As a fellow Clydesdale rider (128kg), I can empathize with you when it comes to bicycle industry parts failing prematurely. Fortunately, there are at least three direct drive trainers that will hold up to the weight and power of bigger cyclists.
I have personally ridden 5,000+ miles in the past 14 months on a Tacx Flux S without any issues. I have a friend @110kg that has 2,000+ miles over the past 8 months on this same trainer, also trouble free.
I also ride on a Saris Hammer H3 at work, as do a couple of co-workers. One of my co-workers is 118kg and the H3 is working great with 3,000+ miles in the past year.
The third trainer that I’m confident will hold up to heavier/stronger riders, is the Tacx Neo. This has been ridden 8,000+ miles by a very powerful 108kg racer (4w/kg) without a single problem.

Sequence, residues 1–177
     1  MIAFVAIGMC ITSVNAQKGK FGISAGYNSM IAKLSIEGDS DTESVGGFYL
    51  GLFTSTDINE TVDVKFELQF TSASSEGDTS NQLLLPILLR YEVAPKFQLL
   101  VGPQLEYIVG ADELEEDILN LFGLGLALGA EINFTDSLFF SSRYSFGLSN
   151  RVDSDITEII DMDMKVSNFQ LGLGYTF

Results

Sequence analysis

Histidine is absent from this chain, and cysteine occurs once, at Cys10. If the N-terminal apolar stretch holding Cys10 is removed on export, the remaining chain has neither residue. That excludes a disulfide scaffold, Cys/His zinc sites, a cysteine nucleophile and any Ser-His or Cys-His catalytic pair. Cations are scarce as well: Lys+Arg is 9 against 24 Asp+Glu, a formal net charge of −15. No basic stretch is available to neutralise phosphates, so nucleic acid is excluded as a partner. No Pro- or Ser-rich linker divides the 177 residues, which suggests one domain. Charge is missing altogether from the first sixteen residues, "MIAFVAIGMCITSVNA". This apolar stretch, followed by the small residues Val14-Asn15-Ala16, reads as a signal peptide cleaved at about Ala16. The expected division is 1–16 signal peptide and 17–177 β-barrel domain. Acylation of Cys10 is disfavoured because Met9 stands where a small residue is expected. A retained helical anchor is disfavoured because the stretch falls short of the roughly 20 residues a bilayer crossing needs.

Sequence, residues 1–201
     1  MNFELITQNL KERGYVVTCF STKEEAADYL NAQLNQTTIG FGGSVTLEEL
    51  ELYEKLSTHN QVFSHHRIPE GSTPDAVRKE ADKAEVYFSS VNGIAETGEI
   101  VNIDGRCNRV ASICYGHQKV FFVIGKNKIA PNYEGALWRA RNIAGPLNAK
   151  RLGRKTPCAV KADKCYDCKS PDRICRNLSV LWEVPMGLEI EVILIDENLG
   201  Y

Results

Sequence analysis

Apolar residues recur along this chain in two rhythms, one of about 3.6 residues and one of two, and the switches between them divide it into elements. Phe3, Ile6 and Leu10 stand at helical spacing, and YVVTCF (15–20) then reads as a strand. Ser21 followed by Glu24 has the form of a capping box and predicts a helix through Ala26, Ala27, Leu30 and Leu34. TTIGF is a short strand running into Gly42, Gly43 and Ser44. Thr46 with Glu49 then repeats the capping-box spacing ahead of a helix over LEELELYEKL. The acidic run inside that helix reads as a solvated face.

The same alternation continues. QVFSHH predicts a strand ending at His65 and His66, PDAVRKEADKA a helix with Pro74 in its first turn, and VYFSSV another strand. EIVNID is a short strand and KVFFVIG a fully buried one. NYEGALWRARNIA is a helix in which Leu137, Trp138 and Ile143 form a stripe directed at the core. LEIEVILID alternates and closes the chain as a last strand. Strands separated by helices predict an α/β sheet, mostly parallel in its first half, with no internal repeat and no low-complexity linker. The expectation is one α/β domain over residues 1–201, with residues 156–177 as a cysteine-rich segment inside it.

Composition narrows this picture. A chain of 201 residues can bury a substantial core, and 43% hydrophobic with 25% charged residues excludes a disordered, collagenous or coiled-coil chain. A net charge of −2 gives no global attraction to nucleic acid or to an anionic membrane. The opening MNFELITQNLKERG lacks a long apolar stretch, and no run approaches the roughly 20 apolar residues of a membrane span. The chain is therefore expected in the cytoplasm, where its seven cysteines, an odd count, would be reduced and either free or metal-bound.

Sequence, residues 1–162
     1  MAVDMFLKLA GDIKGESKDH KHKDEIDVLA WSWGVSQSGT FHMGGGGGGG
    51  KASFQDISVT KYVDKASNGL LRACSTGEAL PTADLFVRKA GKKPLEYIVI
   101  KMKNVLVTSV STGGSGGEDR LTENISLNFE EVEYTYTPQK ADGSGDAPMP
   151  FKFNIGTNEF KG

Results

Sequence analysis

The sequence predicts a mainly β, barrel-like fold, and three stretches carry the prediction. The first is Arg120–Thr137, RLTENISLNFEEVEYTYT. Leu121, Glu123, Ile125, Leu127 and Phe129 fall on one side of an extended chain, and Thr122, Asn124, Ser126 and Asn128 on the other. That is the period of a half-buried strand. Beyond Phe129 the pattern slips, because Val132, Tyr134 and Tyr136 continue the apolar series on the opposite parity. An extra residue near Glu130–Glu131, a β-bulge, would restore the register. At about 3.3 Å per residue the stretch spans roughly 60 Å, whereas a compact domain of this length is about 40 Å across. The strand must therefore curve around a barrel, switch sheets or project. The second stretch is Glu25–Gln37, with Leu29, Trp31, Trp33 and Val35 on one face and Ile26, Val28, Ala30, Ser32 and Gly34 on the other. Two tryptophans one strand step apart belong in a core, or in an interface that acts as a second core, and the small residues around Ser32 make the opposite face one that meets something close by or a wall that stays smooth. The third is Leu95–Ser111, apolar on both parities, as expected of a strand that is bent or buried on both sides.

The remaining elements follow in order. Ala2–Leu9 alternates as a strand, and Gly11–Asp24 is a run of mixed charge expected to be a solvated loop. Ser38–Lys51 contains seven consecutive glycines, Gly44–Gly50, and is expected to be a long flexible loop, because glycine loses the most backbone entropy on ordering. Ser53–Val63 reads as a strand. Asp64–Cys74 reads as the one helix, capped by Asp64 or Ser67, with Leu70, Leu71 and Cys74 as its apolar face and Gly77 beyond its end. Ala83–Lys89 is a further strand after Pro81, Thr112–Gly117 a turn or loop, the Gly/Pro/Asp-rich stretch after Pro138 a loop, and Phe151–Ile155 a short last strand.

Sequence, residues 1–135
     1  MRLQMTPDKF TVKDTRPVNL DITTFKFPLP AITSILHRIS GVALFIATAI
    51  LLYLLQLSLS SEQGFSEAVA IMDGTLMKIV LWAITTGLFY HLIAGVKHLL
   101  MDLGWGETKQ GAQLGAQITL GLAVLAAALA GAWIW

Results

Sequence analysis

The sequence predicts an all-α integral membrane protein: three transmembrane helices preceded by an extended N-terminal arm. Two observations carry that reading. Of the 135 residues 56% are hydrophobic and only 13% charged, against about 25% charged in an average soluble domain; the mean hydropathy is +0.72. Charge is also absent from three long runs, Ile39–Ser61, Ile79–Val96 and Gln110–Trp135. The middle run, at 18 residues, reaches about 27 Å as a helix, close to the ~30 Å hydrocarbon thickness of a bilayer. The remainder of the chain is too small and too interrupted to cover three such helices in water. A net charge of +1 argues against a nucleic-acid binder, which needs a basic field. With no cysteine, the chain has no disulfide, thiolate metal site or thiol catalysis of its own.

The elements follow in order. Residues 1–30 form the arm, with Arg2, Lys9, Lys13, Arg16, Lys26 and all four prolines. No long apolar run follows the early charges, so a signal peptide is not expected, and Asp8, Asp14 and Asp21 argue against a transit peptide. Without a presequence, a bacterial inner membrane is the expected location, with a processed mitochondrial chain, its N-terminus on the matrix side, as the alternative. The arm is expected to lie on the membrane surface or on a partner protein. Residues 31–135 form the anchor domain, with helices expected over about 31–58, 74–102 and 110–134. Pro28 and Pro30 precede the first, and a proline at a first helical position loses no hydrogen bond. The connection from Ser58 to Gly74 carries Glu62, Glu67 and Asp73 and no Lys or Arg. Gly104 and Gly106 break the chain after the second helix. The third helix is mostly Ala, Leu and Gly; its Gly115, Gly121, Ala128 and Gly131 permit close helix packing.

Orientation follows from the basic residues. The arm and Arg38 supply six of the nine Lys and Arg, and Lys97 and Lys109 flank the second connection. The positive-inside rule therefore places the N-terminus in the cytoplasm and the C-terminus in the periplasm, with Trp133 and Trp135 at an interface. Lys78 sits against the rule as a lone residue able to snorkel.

All of these trainers have held up to thousands of out of saddle sprints between 800-1,500W, hundreds of 2-4hr workouts, along with multitudes of hour long threshold grinds up the Alpe, Epic KOM and Innsbruck climbs.
I definitely recommend you make sure the frame dropouts are fully seated on the trainer axle and the skewer is properly tightened. It is also worth checking this connection weekly, along with cleaning and lubing the chain.
Hopefully this info helps you in your quest to get for, lose weight and stay healthy.
Have fun and ride on!